So, how can you separate yourself from a song that's really entrenched? Here are three suggestions:


  • Find a collaborator who writes music, and only give them your lyric.

  • Try re-writing the music on an instrument you don't ordinarily play.

  • Take the lyric and a recording device and experiment for ages a capella.


I've used all of these methods to escape my ruts. The beauty of collaborators is that they NEVER write exactly the way you do. Instant rut-removal! And the beauty of writing on an instrument that you don't ordinarily play is that new sounds, new fingerings, etc. can open up your mind. And finally, if you reduce the song down to its essence, in this case the lyric, and proceed a capella, you might find yourself back in touch with that magical spark that brings all great songs to fruition.



Maybe It IS "Who You Know" After All!

Here's a thought I had as I coached a few clients recently:


People are always asking me "how can I get my song cut/in a film/on TV etc." Starting back when the Victrola was new, this has been the million-dollar question. The cynics of the world, seeing so many lame songs become hits, pummel us with the old adage that "it's not what you know, it's who you know."


Well, I'm here to say that it's partially true.


First, let's assume you have one or more truly great songs that you're intending to "break in" with. (Right now I won't get into the subject of what happens when you don't have a great song as your "calling card.")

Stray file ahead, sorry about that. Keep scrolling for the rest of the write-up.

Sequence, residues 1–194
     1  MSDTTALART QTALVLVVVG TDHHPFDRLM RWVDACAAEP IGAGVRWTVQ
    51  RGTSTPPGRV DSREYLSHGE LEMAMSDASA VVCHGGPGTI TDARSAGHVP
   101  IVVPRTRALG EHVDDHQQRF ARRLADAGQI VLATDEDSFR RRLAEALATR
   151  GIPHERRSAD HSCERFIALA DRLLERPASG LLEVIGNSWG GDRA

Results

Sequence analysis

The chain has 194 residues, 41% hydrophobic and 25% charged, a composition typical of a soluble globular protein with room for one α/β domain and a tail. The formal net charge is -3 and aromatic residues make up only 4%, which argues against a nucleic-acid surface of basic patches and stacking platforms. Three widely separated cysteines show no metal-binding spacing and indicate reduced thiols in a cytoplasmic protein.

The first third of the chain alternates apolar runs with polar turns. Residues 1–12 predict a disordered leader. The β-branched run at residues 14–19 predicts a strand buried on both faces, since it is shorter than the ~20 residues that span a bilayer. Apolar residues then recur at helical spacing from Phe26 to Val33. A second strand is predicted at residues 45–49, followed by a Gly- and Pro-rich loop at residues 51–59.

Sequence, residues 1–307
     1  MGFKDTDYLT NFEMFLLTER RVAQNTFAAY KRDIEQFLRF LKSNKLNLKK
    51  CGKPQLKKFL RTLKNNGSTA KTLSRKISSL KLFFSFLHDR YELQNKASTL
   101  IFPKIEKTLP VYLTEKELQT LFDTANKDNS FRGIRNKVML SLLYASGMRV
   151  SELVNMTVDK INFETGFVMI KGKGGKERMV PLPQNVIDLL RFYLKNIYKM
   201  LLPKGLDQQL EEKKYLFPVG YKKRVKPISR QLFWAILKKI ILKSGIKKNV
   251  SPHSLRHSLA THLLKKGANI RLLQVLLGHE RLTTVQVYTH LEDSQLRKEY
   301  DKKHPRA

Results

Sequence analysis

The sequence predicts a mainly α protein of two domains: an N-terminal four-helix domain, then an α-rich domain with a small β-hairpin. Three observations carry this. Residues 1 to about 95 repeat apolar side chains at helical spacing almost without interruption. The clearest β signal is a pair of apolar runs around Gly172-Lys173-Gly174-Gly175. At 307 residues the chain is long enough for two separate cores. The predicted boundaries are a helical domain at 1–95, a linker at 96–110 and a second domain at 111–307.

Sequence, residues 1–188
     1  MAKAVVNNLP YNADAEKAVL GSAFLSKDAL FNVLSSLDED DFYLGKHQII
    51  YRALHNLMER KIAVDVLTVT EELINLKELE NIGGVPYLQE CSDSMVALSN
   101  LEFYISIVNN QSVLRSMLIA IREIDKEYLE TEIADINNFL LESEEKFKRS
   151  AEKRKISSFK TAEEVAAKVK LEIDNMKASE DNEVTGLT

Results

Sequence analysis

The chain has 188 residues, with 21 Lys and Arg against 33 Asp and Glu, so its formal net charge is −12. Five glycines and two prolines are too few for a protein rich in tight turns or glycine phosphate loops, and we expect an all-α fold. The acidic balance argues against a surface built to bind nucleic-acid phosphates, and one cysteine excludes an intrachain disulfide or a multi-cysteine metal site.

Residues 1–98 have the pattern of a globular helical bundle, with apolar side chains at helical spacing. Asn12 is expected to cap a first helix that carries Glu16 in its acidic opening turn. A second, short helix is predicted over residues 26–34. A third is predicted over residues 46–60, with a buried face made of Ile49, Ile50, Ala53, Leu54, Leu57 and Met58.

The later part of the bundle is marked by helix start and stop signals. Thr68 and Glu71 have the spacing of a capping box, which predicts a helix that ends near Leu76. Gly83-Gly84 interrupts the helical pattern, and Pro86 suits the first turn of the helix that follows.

If you ever want to have an impact beyond your immediate friends and family, it's essential to go out there and meet like-minded souls. Lots of them. You create relationships with living, breathing, wonderful humans. Ones who love what you do, and want to do it with you. Ones who are on your wavelength. Ones who share your passions and your higher purpose. And if they're already successful, so much the better. But they don't have to be. You can eat your way up the musical food chain together!


Personally I hate the terms "networking" and "connections" because they're so rooted in naked ambition, lacking any sense of the personal touch. Our deep humanity is the reason we love music in the first place, and want to make a contribution through the medium of song, n'est-ce pas? It's best to keep that in mind when reaching out to anyone in the music world.


Anyway, looking back at the songs I've gotten cut, 99% of them came about because I hit it off with somebody, and stayed in touch with them. I went to a party, a gig, a conference, an event — or I followed up on it when someone said, "Gee, you really should meet fill-in-the-blank!" I shake a lot of hands, give out my card, visit websites, listen to songs I've been sent... In other words, I participate. I show up. Sure, a few cuts have come out of over-the-transom submissions, but most of the time it was in fact "who I knew."


Here are a few examples from my life:


Placing the song, "Melt Away" in the Denzel Washington film Déjà Vu (The film has made over $170 million worldwide.)